The story is relatively clear here. Polling averages become slightly more predictive throughout the fall, but until Thanksgiving they typically had a value of around 0.6 or less on a scale of zero to one (where zero means the polls predict absolutely nothing and one means the polls can be used to perfectly predict the final outcome). A value of 0.6 isn’t very good, but neither is it meaningless. For instance, around Thanksgiving of 2011 the RCP average for the Iowa Republican caucuses had Michele Bachmann, Rick Santorum, Rick Perry and Jon Huntsman at the back of the pack and Newt Gingrich, Mitt Romney, Herman Cain and Ron Paul at the front. Cain and Gingrich would crater and Santorum would surge before the January voting, but the rest of the candidates stayed pretty close to their previous rankings. So the polls at this point in 2011 weren’t perfect predictors, but they were far from useless.
A couple weeks after Thanksgiving, the surveys’ predictive power began to increase bit by bit. That doesn’t mean these primaries weren’t chaotic – a number of candidates saw short-term surges – but that, on average, as voters tuned in more and candidates competed for their support, the polls were better able to discern what the final result would look like. By the time the primary contest rolled around, voters had a pretty good idea of what they were going to do, and the polls reflected that.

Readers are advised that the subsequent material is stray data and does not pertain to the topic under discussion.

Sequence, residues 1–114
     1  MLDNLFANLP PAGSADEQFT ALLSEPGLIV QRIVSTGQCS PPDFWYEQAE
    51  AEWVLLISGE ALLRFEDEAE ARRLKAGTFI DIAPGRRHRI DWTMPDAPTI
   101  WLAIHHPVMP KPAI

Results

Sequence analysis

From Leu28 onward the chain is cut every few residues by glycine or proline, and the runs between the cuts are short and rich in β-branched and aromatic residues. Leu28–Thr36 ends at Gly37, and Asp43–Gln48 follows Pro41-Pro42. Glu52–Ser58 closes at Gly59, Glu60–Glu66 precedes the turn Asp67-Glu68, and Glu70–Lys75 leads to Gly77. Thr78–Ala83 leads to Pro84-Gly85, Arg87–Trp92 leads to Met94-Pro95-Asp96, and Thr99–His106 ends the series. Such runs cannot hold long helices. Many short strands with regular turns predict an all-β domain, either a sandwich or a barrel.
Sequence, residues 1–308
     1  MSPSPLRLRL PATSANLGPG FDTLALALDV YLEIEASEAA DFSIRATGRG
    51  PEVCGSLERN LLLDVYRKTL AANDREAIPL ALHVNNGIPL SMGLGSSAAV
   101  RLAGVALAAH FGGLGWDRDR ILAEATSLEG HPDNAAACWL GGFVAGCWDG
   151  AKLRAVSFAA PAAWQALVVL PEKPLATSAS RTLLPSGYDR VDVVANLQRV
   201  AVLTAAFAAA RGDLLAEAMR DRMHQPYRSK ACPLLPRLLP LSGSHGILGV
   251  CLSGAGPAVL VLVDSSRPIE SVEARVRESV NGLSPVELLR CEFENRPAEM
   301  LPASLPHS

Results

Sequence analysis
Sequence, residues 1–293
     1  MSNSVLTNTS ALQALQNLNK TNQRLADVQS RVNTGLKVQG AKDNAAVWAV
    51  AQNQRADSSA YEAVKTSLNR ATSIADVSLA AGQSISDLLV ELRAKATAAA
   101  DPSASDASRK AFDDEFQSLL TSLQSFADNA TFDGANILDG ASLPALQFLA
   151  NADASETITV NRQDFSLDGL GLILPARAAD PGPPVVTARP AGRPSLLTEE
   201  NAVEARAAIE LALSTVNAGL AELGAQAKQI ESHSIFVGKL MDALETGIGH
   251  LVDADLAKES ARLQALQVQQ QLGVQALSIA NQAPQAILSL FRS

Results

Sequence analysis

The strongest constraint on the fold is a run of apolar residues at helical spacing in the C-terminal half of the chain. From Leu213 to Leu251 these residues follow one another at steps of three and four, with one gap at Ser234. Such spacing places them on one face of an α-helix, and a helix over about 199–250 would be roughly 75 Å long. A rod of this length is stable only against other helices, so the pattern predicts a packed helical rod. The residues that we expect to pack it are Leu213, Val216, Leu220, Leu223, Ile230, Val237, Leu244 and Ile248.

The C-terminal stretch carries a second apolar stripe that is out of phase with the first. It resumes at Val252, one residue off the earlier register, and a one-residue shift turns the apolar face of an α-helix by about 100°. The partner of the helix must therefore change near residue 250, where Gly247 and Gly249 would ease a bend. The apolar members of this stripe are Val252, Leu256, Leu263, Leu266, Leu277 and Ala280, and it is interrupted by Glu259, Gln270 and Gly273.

This isn’t to say that Thanksgiving is some magical date after which voters decide to pay attention to primaries and that polls suddenly become better predictors. Iowa and New Hampshire are about a month later this cycle than they were in 2008 and 2012, so voters might not start to tune in until late December or early January this time. But our data provide us with a good rule of thumb – the polls will start becoming better predictors soon, so start paying attention to them now and really focus in on them as the actual contests get closer.